Albert Pierpoint - the Last Executioner of the EmpireBy Pictolic https://pictolic.com/article/albert-pierpoint-the-last-executioner-of-the-empire.html
Albert Pierpoint is said to have executed 433 men and 17 women, including 200 Nazi fiends who could hardly atone for their sins in this way. It was also rumored that he hanged his best friend and once refused to carry out the execution due to the lack of a coffin, showing respect for the condemned man, despite his crimes.
Albert Pierpoint's personality has become overgrown with beautiful and not very legends, which was greatly facilitated by the last executioner of the British Empire himself. Today it is difficult to say where the truth is and where the fiction is - most likely, we will never know all the secrets of this short, smiling man with a very difficult profession.
Albert Pierpoint was born in 1905 in Clayton, South Yorkshire, in the family of the professional royal executioner Henry Pierpoint. The executioner was also the boy's uncle, therefore, it is quite natural that in school essays on the topic "Who I will become when I grow up", the young Pierpoint openly confessed his love for the family business. Henry Pierpoint soon left his rare profession, but his brother Tom continued to earn a living by executions and devoted a lot of time to the theoretical part of the question.
The future virtuoso of the scaffold was read by his uncle's work diary, where he described the executions in detail and analyzed the mistakes made in their process. Despite his interest in death, Albert did not immediately become an executioner. The young man managed to work in a factory, mastered the professions of a horse-drawn cab and a car driver, tried himself in commerce. Only at the age of 25, a young man who had not found himself in any sphere of human activity, wrote a petition to the Prison Commission and got a job as an assistant executioner in the Pentonville prison in London.
For the first time Albert Pierpoint assisted at the execution on December 29, 1932, and a year later, having been promoted to executioner, he hanged his first "client". In those days, the executioners worked on a free schedule, appearing at the workplace as needed and receiving piecework payment. This made it possible for Pierpoint to marry Annie, the owner of grocery stores, in one of which he spent time as a salesman in between executions.
The spouse knew about the profession of a loved one, but was rarely interested in details. Meanwhile, Pierpoint took his favorite business very seriously. The day before the execution, he personally appeared to the condemned man and found out his exact weight and height. Albert needed this information in order to accurately calculate the length of the rope. Such an important nuance could affect the quality of work, because with too short a rope, a suicide bomber died of suffocation, for a long time and painfully, and too long killed instantly, but not aesthetically, often tearing off the corpse's head.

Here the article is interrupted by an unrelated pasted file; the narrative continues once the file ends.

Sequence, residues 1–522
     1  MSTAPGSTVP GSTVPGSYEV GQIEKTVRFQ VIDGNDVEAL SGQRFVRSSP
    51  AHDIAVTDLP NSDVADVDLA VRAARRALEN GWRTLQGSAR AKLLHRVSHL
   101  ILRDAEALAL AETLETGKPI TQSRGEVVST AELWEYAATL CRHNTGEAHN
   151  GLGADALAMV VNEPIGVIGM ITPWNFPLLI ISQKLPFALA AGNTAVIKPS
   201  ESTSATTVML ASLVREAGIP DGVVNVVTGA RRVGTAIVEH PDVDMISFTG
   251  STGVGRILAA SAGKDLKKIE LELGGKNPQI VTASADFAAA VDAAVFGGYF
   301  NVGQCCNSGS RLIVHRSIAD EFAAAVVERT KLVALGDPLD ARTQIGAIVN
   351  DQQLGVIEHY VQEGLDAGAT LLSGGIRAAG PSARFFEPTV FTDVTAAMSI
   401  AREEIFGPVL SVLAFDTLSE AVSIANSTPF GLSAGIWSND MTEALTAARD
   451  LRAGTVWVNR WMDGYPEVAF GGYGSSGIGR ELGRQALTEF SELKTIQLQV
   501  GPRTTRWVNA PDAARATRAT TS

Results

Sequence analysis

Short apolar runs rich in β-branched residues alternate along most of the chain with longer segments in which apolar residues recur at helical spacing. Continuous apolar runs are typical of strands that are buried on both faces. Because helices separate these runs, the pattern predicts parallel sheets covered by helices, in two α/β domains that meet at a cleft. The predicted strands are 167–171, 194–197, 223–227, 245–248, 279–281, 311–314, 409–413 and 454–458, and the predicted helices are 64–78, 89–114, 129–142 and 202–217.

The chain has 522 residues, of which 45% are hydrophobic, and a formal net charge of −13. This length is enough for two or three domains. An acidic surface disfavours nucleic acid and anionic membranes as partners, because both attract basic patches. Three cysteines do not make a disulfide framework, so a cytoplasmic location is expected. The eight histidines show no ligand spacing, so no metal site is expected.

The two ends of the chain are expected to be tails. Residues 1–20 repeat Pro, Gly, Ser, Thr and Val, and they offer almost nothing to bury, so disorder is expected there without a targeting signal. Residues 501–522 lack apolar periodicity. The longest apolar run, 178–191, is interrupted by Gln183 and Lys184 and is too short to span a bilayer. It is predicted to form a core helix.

The opportunity to study the issue in practice allowed Albert to develop a table in the mid‑40s, which is used by gallows operators to this day. Pierpoint was a virtuoso of his craft - early in the morning, on the day of the execution, he went into the condemned man's cell and lightly touched him on the shoulder with the words "Everything will be fine, come with me." Albert was lying a little, because a few minutes after waking up, the criminal was already dangling in a noose.
No one before Albert, and even more so after, could execute a person so quickly and efficiently. The executioner explained the speed of execution of the sentence by considerations of humanity — he did not want to cause unnecessary moral suffering to the prisoner. It was his high qualifications that caused the high trust that the Allies placed in Pierpoint after the end of World War II — it was Albert who had the honor to execute Nazi criminals sentenced to death in Nuremberg.
Business trips to Germany have become regular. In total, the executioner left for work 25 times, sending 200 condemned to the next world. Thanks to this responsible work, Pierpoint became famous, and he was revered almost as a national hero. His family's income also went up and, after selling both shops, the Pierpoints acquired a spacious pub on Manchester Road.
However, the profession of the executioner has had its costs for a long time — visitors only came to Albert and his wife's pub to stare at the hero, but business did not flourish from this. Having changed the place and name, the Pierpoints did not succeed and eventually abandoned this venture.
The last executioner of the British Empire retired in 1956, due to financial disagreements with the Ministry of the Interior. Pierpoint, who suffered from a star disease, was first forced to come to the execution in vain, which was postponed, and then also received a reduced fee. Obviously, the hangman's nerves were to hell, and he quarreled with his superiors and left the service. It is said that Albert was the only executioner in the history of England who was asked to return to work, but he was adamant.
After his retirement, Pierpoint and his wife Annie continued their attempts to establish a grocery business, but the story is silent about their successes or failures. The couple spent the last years of their lives in Southport, where Annie first died, and then, in 1992, Albert himself. The virtuoso executioner spent the last 4 years of his life in a local nursing home, as he had no relatives who could brighten up his loneliness.
A biographical film "The Last Hangman" ("The last hangman") was made about Albert Pierpoint, which was released in 2006.